Thursday, November 5, 2015

Natural light

For a change, I did a session on natural light. This one at 85mm wide open at f/1.4.

Saturday, September 19, 2015

Floating OCF-VAL

We had a difficult task framing and keeping the flash in place for this moving target.

Luckily, the sailors were handy enough to return ashore with everything dry, and nothing else to recall than a decently lit picture.

Sunday, August 30, 2015

Corollary: how much flash power do you need?

These settings allow me to equal or overpower the sun,

f/1.4 + ND6 = f/11 for the flash
f/2.8 + ND3 = f/8 for the flash
f/4 + ND3 = f/11 for the flash
f/5.6 + Polarizer = f/9 for the flash

f/11 is not so much flash power in principle, it all comes down to the modifiers and distance that you want to use.

Wednesday, July 8, 2015

Nailing the Off-Camera Flash exposure

When lighting with flash, you can independently control the main subject and the ambient exposure. The first is achieved by adjusting the camera diaphragm, and the second with the exposure time. Fine.

The camera sync speed sets the limit where you can get the most power out of your flash, 1/250 in my case. You can resort to use a ND filter to keep your shutter below this level. You can also use a ND filter to keep a wide aperture even in very bright conditions.

With my ISO at 100, I knew a few configurations that work well, but now my base ISO is 64, and not always I’m in a safe light zone, so I’ve put together a simple spreadsheet to calculate this things for me, both camera and flash in manual mode.
First, we need to enter two basic parameters, your camera ISO and sync speed. Mine are 64 and 1/250.
Now, you may be in a Sunny 16 situation, or even f/22 at the beach. You can perfect the math if you make a reading with the light meter of the required aperture, setting the time equal to your ISO. Say we’re at Sunny 16.
Choose your aperture. I want to shoot at  f/1.4. You want to maintain the camera shutter speed below the sync speed, so a ND filter is required. I will use a ND6, and with this combination, my shutter speed comes down to 1/128. 
With these settings, I could be shooting without flash, and the camera exposure is compensating for the ND.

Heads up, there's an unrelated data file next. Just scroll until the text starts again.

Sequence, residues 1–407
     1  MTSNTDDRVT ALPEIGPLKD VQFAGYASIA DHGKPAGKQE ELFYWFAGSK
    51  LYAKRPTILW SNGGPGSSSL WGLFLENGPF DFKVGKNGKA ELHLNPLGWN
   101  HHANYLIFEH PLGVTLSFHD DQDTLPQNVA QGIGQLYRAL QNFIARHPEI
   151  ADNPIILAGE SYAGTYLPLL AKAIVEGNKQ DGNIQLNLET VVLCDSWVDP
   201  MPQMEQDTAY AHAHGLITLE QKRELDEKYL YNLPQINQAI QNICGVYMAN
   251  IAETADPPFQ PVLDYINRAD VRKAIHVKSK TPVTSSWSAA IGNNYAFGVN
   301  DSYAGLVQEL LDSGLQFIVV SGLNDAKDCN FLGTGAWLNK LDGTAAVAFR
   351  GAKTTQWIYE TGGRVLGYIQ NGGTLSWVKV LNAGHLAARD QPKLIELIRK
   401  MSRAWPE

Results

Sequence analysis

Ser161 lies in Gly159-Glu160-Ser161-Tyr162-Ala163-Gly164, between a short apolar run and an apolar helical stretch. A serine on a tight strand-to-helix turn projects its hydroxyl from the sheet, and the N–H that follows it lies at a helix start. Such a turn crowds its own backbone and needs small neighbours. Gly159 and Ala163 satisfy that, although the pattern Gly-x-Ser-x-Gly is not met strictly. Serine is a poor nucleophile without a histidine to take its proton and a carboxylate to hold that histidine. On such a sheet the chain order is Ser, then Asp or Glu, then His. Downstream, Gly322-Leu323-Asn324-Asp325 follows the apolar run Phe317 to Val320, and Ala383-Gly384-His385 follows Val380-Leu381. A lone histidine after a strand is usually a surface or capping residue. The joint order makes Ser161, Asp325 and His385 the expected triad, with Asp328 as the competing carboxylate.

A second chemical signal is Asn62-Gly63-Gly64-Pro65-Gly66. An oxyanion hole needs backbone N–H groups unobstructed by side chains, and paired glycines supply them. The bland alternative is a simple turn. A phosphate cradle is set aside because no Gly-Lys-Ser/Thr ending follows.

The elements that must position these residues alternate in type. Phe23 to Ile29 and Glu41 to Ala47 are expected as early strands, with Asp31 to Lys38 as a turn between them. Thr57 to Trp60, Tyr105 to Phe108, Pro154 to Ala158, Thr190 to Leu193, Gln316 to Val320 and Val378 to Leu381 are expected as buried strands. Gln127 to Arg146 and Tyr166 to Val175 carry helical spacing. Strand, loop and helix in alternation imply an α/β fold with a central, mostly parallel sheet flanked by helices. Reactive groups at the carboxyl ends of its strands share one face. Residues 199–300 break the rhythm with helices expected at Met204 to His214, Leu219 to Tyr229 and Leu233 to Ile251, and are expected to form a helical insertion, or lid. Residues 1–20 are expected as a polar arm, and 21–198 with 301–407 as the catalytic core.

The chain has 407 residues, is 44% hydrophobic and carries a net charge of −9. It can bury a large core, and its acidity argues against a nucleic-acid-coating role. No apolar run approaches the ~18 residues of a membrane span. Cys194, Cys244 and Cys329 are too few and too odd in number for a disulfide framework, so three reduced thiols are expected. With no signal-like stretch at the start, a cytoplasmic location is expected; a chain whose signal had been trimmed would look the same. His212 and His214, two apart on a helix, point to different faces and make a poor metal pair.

Now we want to add some flash. Since the flash is only affected by the aperture, and I'm shooting below the sync speed, all I need is to throw flash light as to read f/1.4 plus 6 stops of the ND filter, i.e., f/11.
I also want to underexpose the ambient light by one full stop, but I want the flash to nail the exposure for the main subject. Then I only need to modify the shutter speed, if I'm within the comfort zone of the sync speed.
The spreadsheet also includes a table that is updated when you modify your settings.  It will indicate for the ambient light level what shutter speed do you need for a few ND combinations. In green, those safe values below the sync speed, and the yellow entries are those combinations that give your calculated shutter speed.

For my ISO 64, there are a few useful results and easy to remember combinations:
  • To shoot at f/1.4, I need the ND 6, like it or not,
  • f/4 goes well with a ND 3,
  • f/5.6 is a good companion for a CP filter.
If you feel like trying this, the table is available as follows:

Happy OCF summer! 

Saturday, June 13, 2015

Portrait with horse.

PLM at camera right, and some patience to get the horse ears in good mood. Easy when the animal is used to being flashed.

Wednesday, May 27, 2015

Flying high

Happy to help progressing the big plane industry, this paper monster did very well. A ND filter helps to slow the shutter to show movement on the plane.

Tuesday, May 12, 2015

Fish and cats

I've had this blog a little dormant lately, as D. Manuel has noted. My apologies, I'll try to keep some constant flow again.

Some recent travel pictures. A 35mm lens keeps being my favorite for traveling, but I've replaced the usual Voigtlander Nokton Aspherical 35mm f/1.2 II for the much smaller Leica 35mm f/2.0 Summicron, only for the form factor. Now the Sony A7r fits in my jacket pocket easily, and smaller is better. Missing the f/1.2 aperture, though.